The campaign in Northern Ireland dominated the Regiment’s life from 1969 to 1992; The Queen’s Regiment deployed on a total of thirty-six tours in the Province and Royal Hampshire Regiment were to clock up nine. The majority of the deployments were of four to six months duration; however the total includes seven resident eighteen months to two-year tours. The latest round of sectarian violence in Northern Ireland broke out in 1968, as the enmity between the nationalist and loyalist populations came to a head. The Northern Ireland Civil Rights Association (NICRA) was formed to reverse the anti-Catholic legislation in Northern Ireland and began a campaign of peaceful marches and demonstrations. Violence and rioting, however, began to occur, as extremists on both sides of the community clashed. The Northern Ireland Government was not seen to be impartial in its handling of the situation and began to lose control. The crisis came to a head during the annual protestant Apprentice Boys’ March on the 12th August 1969, which resulted in three days of savage fighting within Londonderry and the spread of violence and Catholic ‘No-Go’ areas around the Province. On the 13th, The Northern Ireland Government asked Westminster for troops to assist to keep the peace.
The first troops deployed onto the streets on the 13th August 1969 and they were followed two days later by The 2nd Battalion The Queen’s Regiment (Queen’s Own Buffs), which was on a resident tour in Holywood at the time. The Battalion deployed to West Belfast, whilst in the same month The 1st Battalion (Queen’s Surreys) deployed to Londonderry and The Royal Hampshires arrived in Belfast. At first, all of the troops were warmly welcomed, particularly by the Roman Catholic population and most military activity was directed at placating and separating the two communities. However, the Irish Republican Army (IRA) began to establish its support amongst disaffected nationalists as it aimed to achieve a united Ireland by violent means. The Provisional IRA (PIRA) launched its terrorist campaign against the security forces, the population and the Government, whilst the Official IRA (OIRA) also maintained a campaign up until 1972. The 3rd Battalion of The Queen’s Regiment, which was beginning a resident tour of Ballykinler, joined the 2nd Battalion in West Belfast in 1970, as the troubles worsened. The first British soldier was killed in February 1971 and the Regiment’s first fatality was Private Carter of The 2nd Battalion The Queen’s Regiment, who was killed by IRA gunmen on the 14th September. What is sometimes forgotten is that in fact Private Brimblecombe of the 2nd Battalion died on 23 June 1969 while on operations guarding a key point against attacks from loyalist terrorists and before troops were actually officially deployed onto the streets in August. A total of 11 Queensmen, including one attached chef were killed while on active service in Northern Ireland or as a result of terrorist action.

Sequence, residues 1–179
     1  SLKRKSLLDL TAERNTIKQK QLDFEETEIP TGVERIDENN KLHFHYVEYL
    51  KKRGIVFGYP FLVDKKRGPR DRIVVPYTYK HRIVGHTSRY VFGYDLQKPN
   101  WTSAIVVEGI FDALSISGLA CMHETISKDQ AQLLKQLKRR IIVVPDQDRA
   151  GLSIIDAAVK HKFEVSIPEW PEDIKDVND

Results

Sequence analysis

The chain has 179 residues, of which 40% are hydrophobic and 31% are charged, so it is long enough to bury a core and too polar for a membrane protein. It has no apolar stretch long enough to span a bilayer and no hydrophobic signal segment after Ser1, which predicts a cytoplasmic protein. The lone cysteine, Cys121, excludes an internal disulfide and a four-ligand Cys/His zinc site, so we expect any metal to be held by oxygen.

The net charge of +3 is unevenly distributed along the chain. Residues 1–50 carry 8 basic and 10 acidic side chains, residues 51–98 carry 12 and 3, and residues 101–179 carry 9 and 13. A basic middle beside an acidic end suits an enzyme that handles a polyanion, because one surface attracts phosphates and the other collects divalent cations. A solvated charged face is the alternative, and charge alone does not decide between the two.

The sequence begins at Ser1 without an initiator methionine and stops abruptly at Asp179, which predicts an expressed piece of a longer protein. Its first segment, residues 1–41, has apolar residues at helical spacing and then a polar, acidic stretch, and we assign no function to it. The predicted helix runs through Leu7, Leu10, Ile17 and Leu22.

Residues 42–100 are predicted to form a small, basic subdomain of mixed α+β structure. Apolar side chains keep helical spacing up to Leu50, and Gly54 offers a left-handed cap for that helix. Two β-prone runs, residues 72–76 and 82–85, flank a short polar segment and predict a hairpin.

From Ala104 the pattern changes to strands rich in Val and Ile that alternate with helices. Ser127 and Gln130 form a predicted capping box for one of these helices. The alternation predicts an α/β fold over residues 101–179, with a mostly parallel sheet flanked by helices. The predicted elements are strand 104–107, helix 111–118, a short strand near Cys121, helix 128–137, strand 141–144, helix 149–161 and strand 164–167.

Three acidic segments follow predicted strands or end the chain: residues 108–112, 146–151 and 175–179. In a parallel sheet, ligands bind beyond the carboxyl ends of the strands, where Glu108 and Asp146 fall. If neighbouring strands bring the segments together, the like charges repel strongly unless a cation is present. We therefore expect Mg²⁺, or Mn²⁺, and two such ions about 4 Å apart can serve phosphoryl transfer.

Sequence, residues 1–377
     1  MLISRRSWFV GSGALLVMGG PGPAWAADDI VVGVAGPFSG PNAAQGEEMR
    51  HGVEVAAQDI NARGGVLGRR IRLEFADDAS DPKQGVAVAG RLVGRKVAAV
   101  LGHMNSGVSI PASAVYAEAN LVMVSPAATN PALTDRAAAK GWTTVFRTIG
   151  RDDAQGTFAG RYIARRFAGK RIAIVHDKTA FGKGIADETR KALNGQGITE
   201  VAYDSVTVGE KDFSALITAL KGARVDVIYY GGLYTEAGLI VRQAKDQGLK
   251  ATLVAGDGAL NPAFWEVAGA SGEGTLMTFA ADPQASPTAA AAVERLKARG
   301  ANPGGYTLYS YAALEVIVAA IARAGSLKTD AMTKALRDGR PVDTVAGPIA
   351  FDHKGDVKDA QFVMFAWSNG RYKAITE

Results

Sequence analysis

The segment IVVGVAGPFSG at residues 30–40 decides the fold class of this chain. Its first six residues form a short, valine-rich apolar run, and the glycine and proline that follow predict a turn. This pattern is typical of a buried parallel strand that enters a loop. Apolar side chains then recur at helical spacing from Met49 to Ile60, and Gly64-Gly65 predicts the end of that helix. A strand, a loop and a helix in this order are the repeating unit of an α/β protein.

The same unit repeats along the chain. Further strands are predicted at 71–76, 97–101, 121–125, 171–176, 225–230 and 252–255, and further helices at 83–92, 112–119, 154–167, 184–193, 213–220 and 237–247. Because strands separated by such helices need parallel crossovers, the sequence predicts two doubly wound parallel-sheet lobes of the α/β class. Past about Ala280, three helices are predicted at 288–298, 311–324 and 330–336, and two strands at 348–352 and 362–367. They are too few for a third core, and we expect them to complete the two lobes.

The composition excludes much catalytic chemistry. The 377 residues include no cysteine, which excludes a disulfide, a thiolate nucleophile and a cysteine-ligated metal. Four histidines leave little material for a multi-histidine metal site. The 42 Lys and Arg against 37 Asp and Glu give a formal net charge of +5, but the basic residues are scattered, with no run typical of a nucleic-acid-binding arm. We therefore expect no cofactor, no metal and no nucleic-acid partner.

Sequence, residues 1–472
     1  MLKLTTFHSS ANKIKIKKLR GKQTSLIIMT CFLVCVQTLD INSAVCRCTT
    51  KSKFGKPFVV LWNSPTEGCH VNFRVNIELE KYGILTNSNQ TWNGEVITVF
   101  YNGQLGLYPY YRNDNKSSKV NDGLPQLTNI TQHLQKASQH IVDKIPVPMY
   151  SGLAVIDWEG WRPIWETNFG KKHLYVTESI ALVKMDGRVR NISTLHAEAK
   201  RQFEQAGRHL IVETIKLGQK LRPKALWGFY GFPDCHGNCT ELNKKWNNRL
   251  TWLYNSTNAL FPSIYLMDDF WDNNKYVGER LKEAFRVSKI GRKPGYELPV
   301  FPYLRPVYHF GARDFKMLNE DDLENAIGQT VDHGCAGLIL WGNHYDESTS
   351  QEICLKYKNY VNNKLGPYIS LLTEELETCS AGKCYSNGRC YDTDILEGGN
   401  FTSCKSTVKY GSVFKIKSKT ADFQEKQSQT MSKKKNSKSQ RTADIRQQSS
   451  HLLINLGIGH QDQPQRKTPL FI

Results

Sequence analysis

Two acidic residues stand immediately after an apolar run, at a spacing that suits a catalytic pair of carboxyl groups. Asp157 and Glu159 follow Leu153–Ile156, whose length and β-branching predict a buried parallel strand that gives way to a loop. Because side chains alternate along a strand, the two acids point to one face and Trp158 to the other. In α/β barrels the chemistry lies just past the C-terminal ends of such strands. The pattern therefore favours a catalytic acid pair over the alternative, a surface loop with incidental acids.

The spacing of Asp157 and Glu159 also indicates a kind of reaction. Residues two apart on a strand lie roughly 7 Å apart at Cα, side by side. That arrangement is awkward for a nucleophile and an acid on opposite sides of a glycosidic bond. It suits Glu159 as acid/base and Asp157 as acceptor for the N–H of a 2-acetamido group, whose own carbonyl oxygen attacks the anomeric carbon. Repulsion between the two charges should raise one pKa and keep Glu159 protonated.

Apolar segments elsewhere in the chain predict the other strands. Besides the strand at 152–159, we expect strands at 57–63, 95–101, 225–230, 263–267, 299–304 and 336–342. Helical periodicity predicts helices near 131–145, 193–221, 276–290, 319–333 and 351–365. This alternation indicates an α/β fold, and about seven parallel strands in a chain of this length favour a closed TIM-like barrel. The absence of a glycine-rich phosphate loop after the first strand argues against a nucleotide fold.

This article does not intend to develop the history of the recent troubles in Northern Ireland, but forebear battalions were to continue to serve in the Province, as rural or urban based units right up until the latest amalgamation. In May 1991, The Royal Hampshires completed a resident tour of Londonderry, whilst The 2nd Battalion The Queen’s Regiment finished a six month tour of East Tyrone in April 1992.